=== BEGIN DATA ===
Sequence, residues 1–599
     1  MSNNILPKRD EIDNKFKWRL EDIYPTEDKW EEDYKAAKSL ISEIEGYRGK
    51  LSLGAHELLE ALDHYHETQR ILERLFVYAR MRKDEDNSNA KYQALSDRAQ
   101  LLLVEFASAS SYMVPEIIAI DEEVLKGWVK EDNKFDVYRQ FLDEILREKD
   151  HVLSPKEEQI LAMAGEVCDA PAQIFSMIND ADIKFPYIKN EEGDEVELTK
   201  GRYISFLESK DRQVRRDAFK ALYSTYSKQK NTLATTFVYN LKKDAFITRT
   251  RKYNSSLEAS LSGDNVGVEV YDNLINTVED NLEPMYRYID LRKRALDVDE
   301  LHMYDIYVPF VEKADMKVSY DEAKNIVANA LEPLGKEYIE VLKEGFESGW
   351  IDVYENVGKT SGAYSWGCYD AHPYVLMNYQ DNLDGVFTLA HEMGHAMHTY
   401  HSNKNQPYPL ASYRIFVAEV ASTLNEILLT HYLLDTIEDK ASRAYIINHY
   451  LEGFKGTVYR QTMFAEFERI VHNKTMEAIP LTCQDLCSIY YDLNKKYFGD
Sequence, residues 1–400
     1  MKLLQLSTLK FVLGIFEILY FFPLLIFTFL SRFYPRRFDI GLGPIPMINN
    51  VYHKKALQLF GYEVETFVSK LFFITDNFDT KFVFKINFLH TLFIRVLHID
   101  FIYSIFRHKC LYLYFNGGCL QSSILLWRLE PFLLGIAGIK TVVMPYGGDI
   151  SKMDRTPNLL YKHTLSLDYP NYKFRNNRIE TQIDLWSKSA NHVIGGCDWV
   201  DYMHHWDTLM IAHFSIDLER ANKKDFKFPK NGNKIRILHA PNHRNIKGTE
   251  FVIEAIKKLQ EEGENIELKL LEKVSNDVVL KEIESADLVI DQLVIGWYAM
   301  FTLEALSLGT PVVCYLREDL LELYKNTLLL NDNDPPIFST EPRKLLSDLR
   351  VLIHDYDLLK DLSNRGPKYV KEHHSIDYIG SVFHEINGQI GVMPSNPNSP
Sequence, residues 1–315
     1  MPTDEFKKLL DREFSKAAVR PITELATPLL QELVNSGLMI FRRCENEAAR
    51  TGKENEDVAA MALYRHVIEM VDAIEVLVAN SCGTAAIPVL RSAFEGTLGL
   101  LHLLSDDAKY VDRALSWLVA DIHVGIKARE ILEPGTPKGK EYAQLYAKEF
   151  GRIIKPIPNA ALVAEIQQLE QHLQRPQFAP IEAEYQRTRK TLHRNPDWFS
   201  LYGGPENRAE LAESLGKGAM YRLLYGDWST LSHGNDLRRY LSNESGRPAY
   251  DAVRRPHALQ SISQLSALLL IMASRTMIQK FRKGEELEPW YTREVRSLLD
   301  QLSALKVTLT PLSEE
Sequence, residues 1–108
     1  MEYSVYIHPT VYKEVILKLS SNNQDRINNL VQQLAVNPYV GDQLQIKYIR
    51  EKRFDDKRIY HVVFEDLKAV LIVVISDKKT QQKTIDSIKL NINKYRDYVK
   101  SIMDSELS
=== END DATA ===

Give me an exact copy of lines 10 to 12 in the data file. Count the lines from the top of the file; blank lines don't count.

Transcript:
   401  HSNKNQPYPL ASYRIFVAEV ASTLNEILLT HYLLDTIEDK ASRAYIINHY
   451  LEGFKGTVYR QTMFAEFERI VHNKTMEAIP LTCQDLCSIY YDLNKKYFGD
Sequence, residues 1–400